Perceptions of adolescents on the COVID-19 pandemic and returning to school: qualitative questionnaire survey, September 2020, England

Annabel A. Powell, Georgina Ireland, Felicity Aiano, Jessica Flood, Zahin Amin-Chowdhury, Joanne Beckmann, Joanna Garstang, Ifeanyichukwu Okike, Shazaad Ahmad, Mary E. Ramsay, Shamez N. Ladhani*, Frances Baawuah

*Corresponding author for this work

Research output: Contribution to journalArticlepeer-review

3 Citations (Scopus)


Background: Little is known about the views of adolescents returning to secondary school during the current COVID-19 pandemic. Methods: In September 2020, the UK Health Security Agency (UKHSA), formerly known as Public Health England (PHE),recruited staff and students in secondary schools to provide nasal swabs, oral fluid and blood samples for SARS-CoV-2 infection and antibody testing. Students aged 11–18 years in five London schools completed a short questionnaire about their perception of the pandemic, returning to school, risk to themselves and to others and infection control measures, and participating in school testing. Results: A questionnaire was completed by 64% (297/462) of participants. Students were generally not anxious at all (19.7%; 58/294) or not really anxious (40.0%; 114/295) about returning to school, although 5.4% (n = 16/295) were extremely nervous. Most students were very worried about transmitting the virus to their family (60.2%; 177/294) rather than to other students (22.0%; 65/296) or school staff (19.3%; 57/296), or catching the infection themselves (12.5%; 37/296). Students were more likely to maintain physical distancing in the presence of school staff (84.6%; 247/292) and in public places (79.5%; 233/293) but not when with other students (46.8%; 137/293) or friends (40.8%; 120/294). A greater proportion of younger students (school years 7–9; 11–14-year-olds) reported not being anxious at all than older students (school years 12–13; 16–18-year-olds) (47/174 [27.0%] vs 3/63 [4.8%]; p = 0.001). Younger students were also less likely to adhere to physical distancing measures and wear face masks. Most students reported positive experiences with SARS-CoV-2 testing in schools, with 92.3% (262/284) agreeing to have another blood test in future visits. Conclusions: Younger students in secondary schools were less concerned about catching and transmitting SARS-CoV-2 and were less likely to adhere to protective measures. Greater awareness of the potential risks of SARS-CoV-2 transmission between secondary school students potentially leading to increased risk of infection in their teachers and their household members may increase adherence to infection control measures within and outside schools.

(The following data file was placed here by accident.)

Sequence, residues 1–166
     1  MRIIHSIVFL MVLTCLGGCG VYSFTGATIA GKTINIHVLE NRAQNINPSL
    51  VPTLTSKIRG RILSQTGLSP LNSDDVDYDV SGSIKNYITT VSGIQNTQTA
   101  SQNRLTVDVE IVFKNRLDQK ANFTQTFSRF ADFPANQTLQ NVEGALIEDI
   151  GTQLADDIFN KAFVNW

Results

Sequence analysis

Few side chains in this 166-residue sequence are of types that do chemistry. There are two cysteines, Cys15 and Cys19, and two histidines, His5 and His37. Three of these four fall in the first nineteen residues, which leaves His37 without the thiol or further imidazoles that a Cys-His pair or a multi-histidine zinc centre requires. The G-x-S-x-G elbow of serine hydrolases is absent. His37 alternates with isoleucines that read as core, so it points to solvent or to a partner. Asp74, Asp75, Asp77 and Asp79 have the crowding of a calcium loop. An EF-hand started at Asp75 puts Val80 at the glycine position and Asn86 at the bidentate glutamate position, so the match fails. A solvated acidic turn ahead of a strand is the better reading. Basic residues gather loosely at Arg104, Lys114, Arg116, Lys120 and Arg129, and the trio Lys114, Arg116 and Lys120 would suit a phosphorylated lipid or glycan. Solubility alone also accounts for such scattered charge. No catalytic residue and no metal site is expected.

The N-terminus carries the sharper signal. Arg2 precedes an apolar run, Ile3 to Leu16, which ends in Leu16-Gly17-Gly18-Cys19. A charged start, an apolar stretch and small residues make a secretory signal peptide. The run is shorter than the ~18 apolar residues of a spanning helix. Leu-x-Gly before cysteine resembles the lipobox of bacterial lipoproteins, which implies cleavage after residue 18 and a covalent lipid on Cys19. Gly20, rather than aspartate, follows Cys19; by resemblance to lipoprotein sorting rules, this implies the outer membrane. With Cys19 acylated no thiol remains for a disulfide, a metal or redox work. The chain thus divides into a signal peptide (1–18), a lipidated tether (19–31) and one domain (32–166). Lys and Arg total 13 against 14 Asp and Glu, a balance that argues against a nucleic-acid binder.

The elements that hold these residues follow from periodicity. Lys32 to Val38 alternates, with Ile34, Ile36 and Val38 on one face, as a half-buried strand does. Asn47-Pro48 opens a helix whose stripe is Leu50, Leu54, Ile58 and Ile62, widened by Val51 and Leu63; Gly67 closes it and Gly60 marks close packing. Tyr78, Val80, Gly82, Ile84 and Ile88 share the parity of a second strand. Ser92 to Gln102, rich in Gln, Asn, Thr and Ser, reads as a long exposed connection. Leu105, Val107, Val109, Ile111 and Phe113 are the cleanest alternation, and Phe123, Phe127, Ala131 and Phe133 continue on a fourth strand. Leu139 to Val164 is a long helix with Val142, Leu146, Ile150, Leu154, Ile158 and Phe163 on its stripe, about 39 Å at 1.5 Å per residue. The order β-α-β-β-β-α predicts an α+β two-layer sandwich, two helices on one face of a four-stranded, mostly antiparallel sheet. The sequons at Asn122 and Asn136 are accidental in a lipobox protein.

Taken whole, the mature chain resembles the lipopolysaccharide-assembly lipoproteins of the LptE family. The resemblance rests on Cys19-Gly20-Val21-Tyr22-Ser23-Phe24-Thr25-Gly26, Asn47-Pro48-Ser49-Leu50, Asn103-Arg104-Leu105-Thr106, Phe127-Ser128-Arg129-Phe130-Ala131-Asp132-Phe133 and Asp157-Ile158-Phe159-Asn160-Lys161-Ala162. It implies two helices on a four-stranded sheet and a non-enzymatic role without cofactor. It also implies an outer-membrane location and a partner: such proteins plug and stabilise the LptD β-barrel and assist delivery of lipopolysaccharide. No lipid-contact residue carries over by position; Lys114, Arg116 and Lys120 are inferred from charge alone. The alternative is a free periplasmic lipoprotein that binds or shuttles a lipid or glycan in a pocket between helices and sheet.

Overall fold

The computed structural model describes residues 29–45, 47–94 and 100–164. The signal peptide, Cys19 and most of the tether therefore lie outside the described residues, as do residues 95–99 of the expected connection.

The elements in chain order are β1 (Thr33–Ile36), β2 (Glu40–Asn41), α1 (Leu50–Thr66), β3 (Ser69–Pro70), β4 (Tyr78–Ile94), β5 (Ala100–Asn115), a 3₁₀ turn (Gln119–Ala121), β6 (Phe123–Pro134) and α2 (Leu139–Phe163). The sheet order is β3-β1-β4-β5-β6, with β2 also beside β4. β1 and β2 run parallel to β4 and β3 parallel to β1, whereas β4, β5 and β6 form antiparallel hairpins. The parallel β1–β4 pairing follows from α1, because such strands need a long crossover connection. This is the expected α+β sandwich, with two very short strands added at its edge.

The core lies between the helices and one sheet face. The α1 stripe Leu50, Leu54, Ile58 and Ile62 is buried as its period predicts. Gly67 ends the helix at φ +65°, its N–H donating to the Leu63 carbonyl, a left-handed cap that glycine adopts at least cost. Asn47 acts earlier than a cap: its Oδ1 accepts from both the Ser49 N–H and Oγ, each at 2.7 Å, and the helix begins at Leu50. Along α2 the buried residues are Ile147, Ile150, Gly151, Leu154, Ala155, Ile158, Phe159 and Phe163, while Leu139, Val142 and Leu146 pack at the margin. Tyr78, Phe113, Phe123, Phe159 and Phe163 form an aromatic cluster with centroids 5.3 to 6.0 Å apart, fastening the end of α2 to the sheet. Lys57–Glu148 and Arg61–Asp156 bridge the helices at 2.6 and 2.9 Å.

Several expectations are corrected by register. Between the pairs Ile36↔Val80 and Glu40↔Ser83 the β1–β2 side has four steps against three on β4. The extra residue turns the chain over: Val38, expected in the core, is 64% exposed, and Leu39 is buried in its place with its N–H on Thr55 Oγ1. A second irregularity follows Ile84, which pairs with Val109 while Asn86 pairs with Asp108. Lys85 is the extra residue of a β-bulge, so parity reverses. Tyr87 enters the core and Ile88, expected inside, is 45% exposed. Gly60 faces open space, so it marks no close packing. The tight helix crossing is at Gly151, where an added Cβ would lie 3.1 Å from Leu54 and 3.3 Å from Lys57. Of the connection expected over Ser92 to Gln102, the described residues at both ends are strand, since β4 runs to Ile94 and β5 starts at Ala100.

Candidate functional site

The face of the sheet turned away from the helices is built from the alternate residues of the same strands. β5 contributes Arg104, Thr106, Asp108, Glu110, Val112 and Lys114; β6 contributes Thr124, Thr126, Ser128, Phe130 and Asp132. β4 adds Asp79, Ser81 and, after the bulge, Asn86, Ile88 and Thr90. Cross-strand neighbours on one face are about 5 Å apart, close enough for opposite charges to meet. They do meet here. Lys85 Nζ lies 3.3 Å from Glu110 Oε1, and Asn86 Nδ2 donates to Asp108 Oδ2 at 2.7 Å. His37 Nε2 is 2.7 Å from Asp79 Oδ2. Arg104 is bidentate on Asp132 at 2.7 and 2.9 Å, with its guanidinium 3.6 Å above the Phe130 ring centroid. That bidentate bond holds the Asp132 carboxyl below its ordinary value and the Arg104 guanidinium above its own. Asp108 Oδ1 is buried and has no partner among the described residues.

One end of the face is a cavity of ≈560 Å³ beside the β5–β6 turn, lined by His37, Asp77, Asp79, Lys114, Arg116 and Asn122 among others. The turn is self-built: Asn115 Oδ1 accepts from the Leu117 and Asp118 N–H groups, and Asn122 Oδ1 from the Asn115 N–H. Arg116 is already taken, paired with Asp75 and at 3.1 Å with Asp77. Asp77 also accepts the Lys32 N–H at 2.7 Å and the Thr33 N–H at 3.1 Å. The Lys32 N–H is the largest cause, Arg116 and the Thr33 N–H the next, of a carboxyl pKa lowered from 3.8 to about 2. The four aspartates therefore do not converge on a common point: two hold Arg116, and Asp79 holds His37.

Original languageEnglish
Article number456
JournalBMC Pediatrics
Issue number1
Publication statusPublished - Dec 2022
Externally publishedYes

Bibliographical note

Funding Information:
This study was internally funded by UKHSA.

Publisher Copyright:
© 2022, The Author(s).


  • Adolescents
  • COVID-19
  • Infection control measures
  • Pandemic perception
  • SARS-CoV-2
  • Testing acceptability


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